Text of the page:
• where that judge set no time limit, but the appeal relates to a case management decision,

within 7 days beginning with the date of service of:

• the appellant’s notice, where permission to appeal was given by the lower court or permission to

appeal is not required; or

• the notification that the appeal court has given the appellant permission to appeal; or

• the notification that the application for permission to appeal and the appeal itself are to be heard

together

• where that judge set no time limit, and the appeal is against a decision other than a case management

decision, within 14 days beginning with the date of service of:

• the appellant’s notice, where permission to appeal was given by the lower court or permission to

appeal is not required; or

FP162A - Guidance notes on completing the FP162 - Respondent’s notice (10.16) © Crown Copyright 2016

• the notification that the appeal court has given the appellant permission to appeal; or

• the notification that the application for permission to appeal and the appeal itself are to be heard

together

You must file your notice with the court at which the appellant’s appeal is proceeding which will be the

Family Division of the High Court.

General notes on completing the notice

Set out below are notes to help you fill in the form. You should read the notes to each section carefully before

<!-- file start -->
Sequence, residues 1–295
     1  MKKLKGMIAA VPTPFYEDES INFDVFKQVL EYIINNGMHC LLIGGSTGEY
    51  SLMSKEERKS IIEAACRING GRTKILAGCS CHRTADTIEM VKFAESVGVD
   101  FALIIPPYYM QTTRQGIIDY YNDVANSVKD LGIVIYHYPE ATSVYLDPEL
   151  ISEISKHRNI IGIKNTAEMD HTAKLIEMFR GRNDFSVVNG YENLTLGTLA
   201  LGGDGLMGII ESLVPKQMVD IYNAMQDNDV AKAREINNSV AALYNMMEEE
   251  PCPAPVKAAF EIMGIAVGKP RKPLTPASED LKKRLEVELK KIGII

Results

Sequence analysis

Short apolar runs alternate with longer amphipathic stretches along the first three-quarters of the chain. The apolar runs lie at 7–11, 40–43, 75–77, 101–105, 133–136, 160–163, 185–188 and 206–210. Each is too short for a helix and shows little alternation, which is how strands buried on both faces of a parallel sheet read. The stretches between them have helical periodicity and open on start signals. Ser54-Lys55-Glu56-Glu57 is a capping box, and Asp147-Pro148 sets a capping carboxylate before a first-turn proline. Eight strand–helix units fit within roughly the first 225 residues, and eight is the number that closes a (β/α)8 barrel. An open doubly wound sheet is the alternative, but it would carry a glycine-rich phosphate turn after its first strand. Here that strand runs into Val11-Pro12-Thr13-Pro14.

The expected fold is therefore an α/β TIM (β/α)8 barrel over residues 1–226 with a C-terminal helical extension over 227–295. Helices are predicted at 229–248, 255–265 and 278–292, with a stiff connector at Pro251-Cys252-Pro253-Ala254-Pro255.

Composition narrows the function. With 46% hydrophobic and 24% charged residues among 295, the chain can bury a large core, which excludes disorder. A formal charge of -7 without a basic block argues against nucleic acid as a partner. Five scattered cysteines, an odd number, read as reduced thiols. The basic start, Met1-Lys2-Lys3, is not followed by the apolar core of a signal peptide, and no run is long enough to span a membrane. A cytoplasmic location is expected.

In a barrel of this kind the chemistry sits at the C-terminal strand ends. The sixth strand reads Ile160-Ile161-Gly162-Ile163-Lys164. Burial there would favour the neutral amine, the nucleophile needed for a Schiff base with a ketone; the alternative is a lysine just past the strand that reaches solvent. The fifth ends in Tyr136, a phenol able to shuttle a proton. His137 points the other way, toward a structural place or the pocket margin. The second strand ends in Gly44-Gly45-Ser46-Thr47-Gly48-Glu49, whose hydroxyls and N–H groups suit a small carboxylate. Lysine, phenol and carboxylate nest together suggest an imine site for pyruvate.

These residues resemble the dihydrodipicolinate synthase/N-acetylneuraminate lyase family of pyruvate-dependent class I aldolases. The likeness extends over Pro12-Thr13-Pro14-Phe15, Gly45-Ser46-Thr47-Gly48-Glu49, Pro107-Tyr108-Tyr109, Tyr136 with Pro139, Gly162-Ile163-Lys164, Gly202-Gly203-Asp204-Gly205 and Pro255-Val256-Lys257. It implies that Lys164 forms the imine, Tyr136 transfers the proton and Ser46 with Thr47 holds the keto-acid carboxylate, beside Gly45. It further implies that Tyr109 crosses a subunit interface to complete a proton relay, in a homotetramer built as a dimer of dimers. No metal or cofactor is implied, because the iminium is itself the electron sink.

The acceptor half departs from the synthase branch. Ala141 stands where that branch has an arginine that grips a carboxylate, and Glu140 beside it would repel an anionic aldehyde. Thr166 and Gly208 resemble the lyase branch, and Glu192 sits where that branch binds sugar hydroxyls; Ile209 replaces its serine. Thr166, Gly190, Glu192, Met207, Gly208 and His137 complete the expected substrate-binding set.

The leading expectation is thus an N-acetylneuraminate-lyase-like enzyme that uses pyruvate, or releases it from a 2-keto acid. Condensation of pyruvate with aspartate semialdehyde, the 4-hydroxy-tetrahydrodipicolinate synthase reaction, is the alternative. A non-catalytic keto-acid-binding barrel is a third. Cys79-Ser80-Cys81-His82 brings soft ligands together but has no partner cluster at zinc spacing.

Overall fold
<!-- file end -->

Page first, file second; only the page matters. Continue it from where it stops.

you begin to complete that particular section.

Use a separate sheet if you need more space for your answers marking clearly which section the information

refers to. Write the case number on it, sign and date it and attach it securely to the notice.

If you do not have all the information to complete your respondent’s notice (or any documents that you need

to file with it), you must not allow this to delay sending or taking it to the appeal court within the correct time.

Complete the form as fully as possible and provide what documents you have. The notes to Sections 8 and 9

will explain more about what you have to do in these circumstances.

Enter the appeal court’s reference number in the top right hand corner of the respondent’s notice. This number

will appear on the top right hand side of the appellant’s notice.

There is a fee payable when lodging your respondent’s notice with the court. The Forms EX50 – ‘Court Fees for

the High Court, county court and family court’ and FP200 - ‘Family Proceedings Fees’ provides guidance of

the costs involved and ways in which you can pay. You must pay the relevant fee when you file any document